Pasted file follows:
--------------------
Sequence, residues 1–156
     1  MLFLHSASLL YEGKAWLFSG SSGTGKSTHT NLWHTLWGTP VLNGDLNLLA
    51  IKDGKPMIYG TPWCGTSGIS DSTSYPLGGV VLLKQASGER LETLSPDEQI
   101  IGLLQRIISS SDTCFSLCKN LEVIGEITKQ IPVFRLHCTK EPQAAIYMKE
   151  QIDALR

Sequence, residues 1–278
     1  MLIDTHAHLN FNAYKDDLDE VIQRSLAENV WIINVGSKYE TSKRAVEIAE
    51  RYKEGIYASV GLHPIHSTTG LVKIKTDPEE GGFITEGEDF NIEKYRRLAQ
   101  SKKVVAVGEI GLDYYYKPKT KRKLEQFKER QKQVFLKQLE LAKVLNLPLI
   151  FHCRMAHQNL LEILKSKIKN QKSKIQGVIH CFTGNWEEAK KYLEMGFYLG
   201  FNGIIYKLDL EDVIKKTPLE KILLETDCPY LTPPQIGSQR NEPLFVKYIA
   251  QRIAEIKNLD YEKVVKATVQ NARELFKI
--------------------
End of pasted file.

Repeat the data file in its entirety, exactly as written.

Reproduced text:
Sequence, residues 1–156
     1  MLFLHSASLL YEGKAWLFSG SSGTGKSTHT NLWHTLWGTP VLNGDLNLLA
    51  IKDGKPMIYG TPWCGTSGIS DSTSYPLGGV VLLKQASGER LETLSPDEQI
   101  IGLLQRIISS SDTCFSLCKN LEVIGEITKQ IPVFRLHCTK EPQAAIYMKE
   151  QIDALR

Sequence, residues 1–278
     1  MLIDTHAHLN FNAYKDDLDE VIQRSLAENV WIINVGSKYE TSKRAVEIAE
    51  RYKEGIYASV GLHPIHSTTG LVKIKTDPEE GGFITEGEDF NIEKYRRLAQ
   101  SKKVVAVGEI GLDYYYKPKT KRKLEQFKER QKQVFLKQLE LAKVLNLPLI
   151  FHCRMAHQNL LEILKSKIKN QKSKIQGVIH CFTGNWEEAK KYLEMGFYLG
   201  FNGIIYKLDL EDVIKKTPLE KILLETDCPY LTPPQIGSQR NEPLFVKYIA
   251  QRIAEIKNLD YEKVVKATVQ NARELFKI